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Werribee Open Range Zoo

Tawny Frogmouth

A visit to one of Zoos Victoria’s three properties is the perfect opportunity to get out into nature, see, hear, smell, and learn about some of our planet’s most amazing species.

At Werribee Open Range Zoo, visitors not only have the chance to encounter awesome animals from around the globe, but also native, Australian animals found in our very own neighbourhood. The Tawny Frogmouth is one such creature.

At first glance Tawny Frogmouths look a lot like owls. Both birds are nocturnal, with a large set of eyes for greater vision to help with night-time hunting they both eat insects, small mammals, reptiles and frogs; both have anisodactyl feet; and they both have soft, light feathers for noiseless flight.

Despite these similarities, Frogmouths are more closely related to Nightjars, from the same order, Caprimulgiformes. Owls however, belong to the order, Strigiformes.

Widespread across Australia, including Tasmania, Tawny Frogmouths thrive in most habitats apart from dense rainforests and treeless deserts. It’s not uncommon to see these nocturnal, owl-like creatures nesting in suburban backyards, parks and gardens as they have become very comfortable with human activity. In fact, you may have already walked past one and not even have noticed. With their extraordinary camouflage, Tawny Frogmouths are the masters of disguise!

Silvery-grey plumage with streaks and mottles of black, white and rufous allow the Tawny Frogmouth to perch on tree branches during the day, barely noticeable as it blends in to the colour and texture of the tree in which it is sitting. Amazingly clever, the Tawny Frogmouth perches itself as still as a statue, and angles its body and beak to follow the natural form of the tree. This way it looks like a broken tree branch rather than a bird sitting in a tree!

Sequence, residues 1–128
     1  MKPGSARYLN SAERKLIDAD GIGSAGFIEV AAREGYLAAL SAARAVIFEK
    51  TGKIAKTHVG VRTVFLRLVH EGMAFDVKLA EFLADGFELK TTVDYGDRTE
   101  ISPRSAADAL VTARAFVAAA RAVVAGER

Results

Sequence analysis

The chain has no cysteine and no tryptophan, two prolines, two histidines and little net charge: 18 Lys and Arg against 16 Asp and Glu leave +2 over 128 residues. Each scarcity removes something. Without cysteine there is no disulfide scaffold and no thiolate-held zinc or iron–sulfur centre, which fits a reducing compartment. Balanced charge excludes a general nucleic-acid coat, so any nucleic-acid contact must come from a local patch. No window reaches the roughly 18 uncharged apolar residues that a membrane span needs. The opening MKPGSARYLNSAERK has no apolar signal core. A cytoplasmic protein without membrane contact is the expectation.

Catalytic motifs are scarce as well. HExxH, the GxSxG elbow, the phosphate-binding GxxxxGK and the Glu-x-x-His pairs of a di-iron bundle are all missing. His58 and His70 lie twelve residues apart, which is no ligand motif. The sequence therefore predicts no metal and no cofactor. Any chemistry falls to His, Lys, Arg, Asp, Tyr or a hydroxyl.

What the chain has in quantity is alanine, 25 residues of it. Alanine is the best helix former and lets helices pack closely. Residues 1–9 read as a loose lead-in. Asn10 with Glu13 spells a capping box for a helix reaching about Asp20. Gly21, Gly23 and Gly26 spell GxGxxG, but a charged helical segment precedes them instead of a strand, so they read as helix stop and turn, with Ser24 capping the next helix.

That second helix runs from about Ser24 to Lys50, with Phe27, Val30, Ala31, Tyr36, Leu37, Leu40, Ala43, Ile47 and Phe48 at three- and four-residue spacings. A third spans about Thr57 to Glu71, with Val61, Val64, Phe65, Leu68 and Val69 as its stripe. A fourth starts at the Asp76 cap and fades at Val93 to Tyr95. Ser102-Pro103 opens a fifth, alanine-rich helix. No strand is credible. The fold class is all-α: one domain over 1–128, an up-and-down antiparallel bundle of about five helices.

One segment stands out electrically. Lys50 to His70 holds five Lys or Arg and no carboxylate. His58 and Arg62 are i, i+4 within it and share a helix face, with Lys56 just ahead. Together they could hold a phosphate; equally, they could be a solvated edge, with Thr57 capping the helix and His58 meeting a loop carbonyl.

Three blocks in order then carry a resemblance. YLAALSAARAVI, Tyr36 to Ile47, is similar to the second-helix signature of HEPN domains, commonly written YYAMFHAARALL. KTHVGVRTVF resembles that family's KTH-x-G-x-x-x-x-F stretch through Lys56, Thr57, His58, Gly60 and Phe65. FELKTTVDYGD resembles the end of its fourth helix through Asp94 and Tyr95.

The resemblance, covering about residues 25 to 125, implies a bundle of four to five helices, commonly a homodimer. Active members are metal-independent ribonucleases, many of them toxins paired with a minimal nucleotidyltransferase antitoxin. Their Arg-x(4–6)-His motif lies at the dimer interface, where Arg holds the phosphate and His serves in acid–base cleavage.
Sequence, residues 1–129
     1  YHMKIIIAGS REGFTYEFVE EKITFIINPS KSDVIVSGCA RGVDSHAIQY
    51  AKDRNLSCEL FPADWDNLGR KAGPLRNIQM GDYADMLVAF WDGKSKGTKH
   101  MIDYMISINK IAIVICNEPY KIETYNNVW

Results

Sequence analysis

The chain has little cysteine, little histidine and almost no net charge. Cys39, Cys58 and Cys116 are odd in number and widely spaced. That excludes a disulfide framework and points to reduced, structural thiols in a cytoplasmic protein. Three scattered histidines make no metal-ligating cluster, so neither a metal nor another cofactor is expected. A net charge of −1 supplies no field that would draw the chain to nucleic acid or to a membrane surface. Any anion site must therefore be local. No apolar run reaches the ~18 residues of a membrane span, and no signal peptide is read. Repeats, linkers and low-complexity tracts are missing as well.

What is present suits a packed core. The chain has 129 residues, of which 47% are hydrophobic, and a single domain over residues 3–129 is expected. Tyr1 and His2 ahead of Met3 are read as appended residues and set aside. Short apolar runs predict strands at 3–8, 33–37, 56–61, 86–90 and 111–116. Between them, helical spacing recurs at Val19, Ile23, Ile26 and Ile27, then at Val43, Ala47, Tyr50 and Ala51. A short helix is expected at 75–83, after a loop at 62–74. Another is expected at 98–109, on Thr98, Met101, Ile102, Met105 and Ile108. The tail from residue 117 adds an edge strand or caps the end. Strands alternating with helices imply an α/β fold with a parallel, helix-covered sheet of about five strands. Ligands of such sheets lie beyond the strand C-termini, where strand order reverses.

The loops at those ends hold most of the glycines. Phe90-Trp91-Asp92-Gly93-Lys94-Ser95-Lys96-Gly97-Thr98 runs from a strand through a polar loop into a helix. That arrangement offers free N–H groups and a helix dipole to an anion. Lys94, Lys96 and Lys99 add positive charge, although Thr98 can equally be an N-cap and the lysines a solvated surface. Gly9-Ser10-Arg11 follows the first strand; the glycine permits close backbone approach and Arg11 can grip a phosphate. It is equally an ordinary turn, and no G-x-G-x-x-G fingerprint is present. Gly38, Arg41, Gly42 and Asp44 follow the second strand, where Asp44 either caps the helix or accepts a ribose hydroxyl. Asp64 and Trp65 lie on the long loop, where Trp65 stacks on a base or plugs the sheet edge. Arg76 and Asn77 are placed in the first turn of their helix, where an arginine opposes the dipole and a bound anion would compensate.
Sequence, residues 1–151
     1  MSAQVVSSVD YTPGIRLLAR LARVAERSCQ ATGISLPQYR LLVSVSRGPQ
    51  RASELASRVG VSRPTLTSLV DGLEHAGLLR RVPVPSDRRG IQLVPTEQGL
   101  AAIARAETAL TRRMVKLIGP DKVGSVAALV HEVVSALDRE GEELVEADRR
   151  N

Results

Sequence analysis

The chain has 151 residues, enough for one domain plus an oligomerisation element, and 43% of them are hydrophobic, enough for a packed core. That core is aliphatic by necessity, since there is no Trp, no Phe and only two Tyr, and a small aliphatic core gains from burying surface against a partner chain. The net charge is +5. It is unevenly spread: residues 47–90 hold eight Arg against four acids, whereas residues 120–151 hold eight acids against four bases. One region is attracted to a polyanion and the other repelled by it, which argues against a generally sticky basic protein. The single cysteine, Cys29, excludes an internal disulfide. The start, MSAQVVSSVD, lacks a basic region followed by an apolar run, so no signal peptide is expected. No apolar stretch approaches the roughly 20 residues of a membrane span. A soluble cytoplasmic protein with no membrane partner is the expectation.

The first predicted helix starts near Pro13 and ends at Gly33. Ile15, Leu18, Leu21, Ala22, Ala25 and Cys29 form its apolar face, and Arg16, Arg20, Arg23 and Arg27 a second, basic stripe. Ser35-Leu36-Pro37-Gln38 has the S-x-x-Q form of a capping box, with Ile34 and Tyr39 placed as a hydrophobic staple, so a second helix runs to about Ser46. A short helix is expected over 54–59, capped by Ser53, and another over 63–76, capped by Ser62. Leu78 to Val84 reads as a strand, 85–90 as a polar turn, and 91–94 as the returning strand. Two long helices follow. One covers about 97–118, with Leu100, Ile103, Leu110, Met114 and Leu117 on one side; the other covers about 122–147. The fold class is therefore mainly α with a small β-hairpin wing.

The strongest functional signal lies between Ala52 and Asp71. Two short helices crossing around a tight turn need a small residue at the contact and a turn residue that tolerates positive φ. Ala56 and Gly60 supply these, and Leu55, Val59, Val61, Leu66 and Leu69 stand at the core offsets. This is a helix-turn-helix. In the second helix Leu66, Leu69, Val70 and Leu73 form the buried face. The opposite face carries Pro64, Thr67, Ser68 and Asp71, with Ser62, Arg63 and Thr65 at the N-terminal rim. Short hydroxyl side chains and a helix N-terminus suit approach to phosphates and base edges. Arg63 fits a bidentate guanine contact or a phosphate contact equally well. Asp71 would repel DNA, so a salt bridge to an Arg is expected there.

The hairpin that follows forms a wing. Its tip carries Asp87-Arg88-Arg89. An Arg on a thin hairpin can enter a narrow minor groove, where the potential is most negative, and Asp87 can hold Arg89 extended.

The Tawny Frogmouth will eat smaller animals such as mice, frogs and lizards but its diet is predominantly insectivorous. It is an opportunistic night predator and catches its food either by foraging on the ground, or by pouncing from tree branch to tree branch collecting moths, spiders, bugs and beetles along the way. In contrast to the owl that uses its strong feet and talons to catch prey while in full flight, the Tawny Frogmouth uses its strong beak, yet rarely catches its prey on the wing.

Tawny Frogmouths can live up to 20 years of age in captivity. Breeding pairs nest from August to December; the pair shares the construction of the nest, the incubation of the eggs (between 1 and 3) and the parenting of the young fledglings. The Tawny Frogmouth has an extremely large distribution range and currently has a stable population in the wild

  • Male and female Tawny Frogmouths pair for life. For the duration of their partnership they bond through regular and tender displays of grooming and plumage stroking
  • During breeding season, the male Tawny Frogmouth woos his partner by ‘singing’ to her; she then joins in and they perform a duet together
  • The inside of the Tawny Frogmouth’s mouth is yellow. A unique hunting method of the Tawny Frogmouth is to open its mouth, reflect the moonlight and just wait. As it does this, moths and other insects are attracted to the warm, yellow colour and become a very easy, tasty meal for the bird
  • When feeling threatened, the Tawny Frogmouth waits until the very last minute to reveal its cover and either fly away or make an alarm call to signal danger to its chicks and warn off predators